In our previous post, Veronica Goosey asked what place cleverness or scholarly play had in academic writing. As my title indicates, I have decided that play should have a more prominent role in my scholarly endeavors.
This post picks up issues of scholarly practice and continues the blog’s larger discussion of media by examining Percy Shelley’s Julian and Maddalo.
The central philosophic debate and its interruption by the figure of the maniac in Shelley’s poem have been the topics of much scholarly commentary. Raymond D. Havens argues that the argument is indeed forgotten and “although the poem continues for a hundred lines after the madman has ceased to speak,” there is “no word concerning the subject of discussion” (649). Charles Robinson claims that the poem displays the poets’ contrasting views regarding the human condition but does not pick a winner. I want to suggest that a close examination of the physical spaces of the poem alters how we are to adjudicate the central debate. The fatalistic Count Maddalo believes that the madhouse functions as a symbol of humanity’s fate. In order to assist the maniac, Maddalo offers gifts that attempt to recreate his own gentlemanly estate. Maddalo provides the maniac with the trappings of a gentleman in the hopes that he will be able to participate in gentlemanly discourse. Julian, on the other hand, offers the maniac something quite different. The narrative account of the maniac captures the madman’s words, allows them to circulate to a wider audience, and provides a type of textual liberation. I hope to show that the maniac’s interruption in Julian and Maddalo should be read as cautionary tale for poets like Maddalo/Byron.
Maddalo’s description of the madhouse plays a crucial role in understanding the central debate regarding free will and freedom in general. Looking out on the madhouse and its tolling belfry, Maddalo says, “And such . . . is our mortality / And this must be the emblem and the sign / Of what should be eternal and divine” (l. 120-122). As Robinson accurately points out, these lines echo Byron’s famous 1816 poem Prometheus. In Byron’s work, Prometheus the demigod functions as an “emblem.” Byron’s speaker calls Prometheus “a symbol and a sign / To Mortals of their fate and force; / Like thee, Man is in part divine, / A troubled stream from a pure source” (l. 45-48). Here, the concept of a divine and predetermined “fate” is at odds with the “force” that mortals possess. In Byron’s poem, Jupiter punishes Prometheus for taking knowledge to Earth and for refusing to tell him the secret of his downfall. The demigod emerges as a powerful representative of fallen mankind because he clings to his mortal “force,” his will. Byron’s speaker closes by claiming that the will can endure torture and never can be killed. Ultimately, the will becomes “Its own concenter’d recompense, / Triumphant where it dares defy, / And making Death a Victory” (l. 57-59). Despite being chained to a rock and tortured, Prometheus’s unwillingness to concede to the demands of Jupiter makes even “Death a Victory.” In Shelley’s poem, Maddalo projects the description of Prometheus onto the madhouse. It is important to recognize that his description comes before the reader has been introduced to the figure of the maniac. Therefore, there is not yet a representative for the madhouse. Instead, the characteristics of Prometheus are part of a particular space. Like the chains that bind Prometheus to the rock, the madhouse and its walls, for Maddalo, represent the “fate” of those who exert their mortal “force.”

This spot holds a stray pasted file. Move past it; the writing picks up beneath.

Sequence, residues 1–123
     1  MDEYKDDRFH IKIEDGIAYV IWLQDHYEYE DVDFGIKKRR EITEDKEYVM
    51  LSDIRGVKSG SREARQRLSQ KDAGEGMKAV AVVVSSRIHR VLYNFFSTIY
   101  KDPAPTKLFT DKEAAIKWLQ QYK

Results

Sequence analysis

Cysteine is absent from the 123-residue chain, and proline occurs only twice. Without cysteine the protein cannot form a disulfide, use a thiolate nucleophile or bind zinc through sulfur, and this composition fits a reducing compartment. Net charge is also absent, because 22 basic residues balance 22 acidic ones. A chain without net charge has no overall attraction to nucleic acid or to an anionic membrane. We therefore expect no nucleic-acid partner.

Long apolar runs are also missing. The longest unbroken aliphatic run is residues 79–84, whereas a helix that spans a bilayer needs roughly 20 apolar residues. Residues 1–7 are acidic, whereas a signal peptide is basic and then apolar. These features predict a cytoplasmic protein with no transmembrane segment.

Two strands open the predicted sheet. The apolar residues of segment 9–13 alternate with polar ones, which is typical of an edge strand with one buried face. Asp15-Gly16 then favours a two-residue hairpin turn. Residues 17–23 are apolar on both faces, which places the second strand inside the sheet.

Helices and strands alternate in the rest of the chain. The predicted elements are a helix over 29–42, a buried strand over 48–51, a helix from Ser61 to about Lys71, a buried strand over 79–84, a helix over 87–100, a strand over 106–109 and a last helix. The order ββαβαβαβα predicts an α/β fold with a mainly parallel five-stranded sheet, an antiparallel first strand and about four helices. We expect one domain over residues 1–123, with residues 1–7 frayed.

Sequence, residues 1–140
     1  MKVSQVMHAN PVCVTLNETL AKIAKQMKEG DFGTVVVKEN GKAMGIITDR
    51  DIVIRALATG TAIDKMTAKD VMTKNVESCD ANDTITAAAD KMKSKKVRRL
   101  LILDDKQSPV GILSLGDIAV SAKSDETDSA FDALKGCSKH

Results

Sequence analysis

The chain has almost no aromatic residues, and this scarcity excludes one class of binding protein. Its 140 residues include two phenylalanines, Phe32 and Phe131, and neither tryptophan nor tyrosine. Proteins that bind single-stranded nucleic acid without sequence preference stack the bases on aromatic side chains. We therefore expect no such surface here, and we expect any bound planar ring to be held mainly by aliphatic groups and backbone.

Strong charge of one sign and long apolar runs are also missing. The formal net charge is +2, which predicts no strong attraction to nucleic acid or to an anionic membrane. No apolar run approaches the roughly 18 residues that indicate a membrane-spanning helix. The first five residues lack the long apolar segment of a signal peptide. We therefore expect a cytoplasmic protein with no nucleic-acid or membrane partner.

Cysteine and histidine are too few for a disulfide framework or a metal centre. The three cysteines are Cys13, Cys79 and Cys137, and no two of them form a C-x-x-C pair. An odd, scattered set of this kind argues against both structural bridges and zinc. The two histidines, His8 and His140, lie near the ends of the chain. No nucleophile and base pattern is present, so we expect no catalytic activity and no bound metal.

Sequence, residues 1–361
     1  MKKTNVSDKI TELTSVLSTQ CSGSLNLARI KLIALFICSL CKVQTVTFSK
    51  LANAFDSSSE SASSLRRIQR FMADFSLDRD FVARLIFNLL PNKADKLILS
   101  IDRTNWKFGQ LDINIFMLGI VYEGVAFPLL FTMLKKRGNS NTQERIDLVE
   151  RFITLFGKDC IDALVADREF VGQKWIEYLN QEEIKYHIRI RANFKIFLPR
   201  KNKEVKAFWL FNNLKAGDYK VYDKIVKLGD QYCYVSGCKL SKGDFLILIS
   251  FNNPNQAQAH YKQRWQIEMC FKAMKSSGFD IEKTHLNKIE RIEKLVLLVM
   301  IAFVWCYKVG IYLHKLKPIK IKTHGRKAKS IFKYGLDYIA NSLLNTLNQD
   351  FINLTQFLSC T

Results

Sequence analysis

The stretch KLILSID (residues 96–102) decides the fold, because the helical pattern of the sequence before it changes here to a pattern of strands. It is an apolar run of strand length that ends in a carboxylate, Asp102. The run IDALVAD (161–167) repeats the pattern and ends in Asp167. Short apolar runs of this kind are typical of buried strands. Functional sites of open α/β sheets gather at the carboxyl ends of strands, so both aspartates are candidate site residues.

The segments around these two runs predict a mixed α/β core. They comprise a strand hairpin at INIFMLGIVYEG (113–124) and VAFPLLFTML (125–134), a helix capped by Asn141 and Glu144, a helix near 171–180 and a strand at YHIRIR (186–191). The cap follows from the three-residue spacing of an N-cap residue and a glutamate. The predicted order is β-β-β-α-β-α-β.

The projection of Promethean features onto the madhouse alters the manner in which we should read Maddalo’s gifts to the maniac. Maddalo believes that a change in environment has the potential to improve the maniac. According to Kelvin Everest, “Maddalo attempts to alleviate the maniac’s suffering by creating the illusion of a gentlemanly normality” (682). By providing the maniac with the accoutrements of a gentleman, Maddalo hopes to foster the maniac’s inner gentility: “I fitted up for him / Those rooms beside the sea, to please his whim, / And sent him busts and books and urns for flowers” (252-254). The “busts,” “books,” and “urns for flowers,” can help the maniac enter into the type of gentlemanly discourse that Maddalo and Julian represent. In actuality, however, the gifts seem to allow the maniac to play the part of a Byronic hero. Julian and Maddalo first encounter the maniac “sitting mournfully / Near a piano” in his room that overlooks the sea (l. 273-274). Further more, when the maniac starts to speak to himself, Julian claims that “his words came each / Unmodulated, cold, expressionless; / But that from one jarred accent you might guess / It was despair that made them so uniform” (l. 291-294). As the wind howls and a “gusty storm / Hissed through the window,” the maniac’s words acquire a type of uniformity thanks to his “despair” (l. 295-296). Despite the kindness of Maddalo’s gifts, nothing that he offers removes the maniac from the “emblem and the sign” of man’s degraded condition. Rather, Maddalo’s gifts help the maniac better play the part of the brooding and isolated Byronic hero.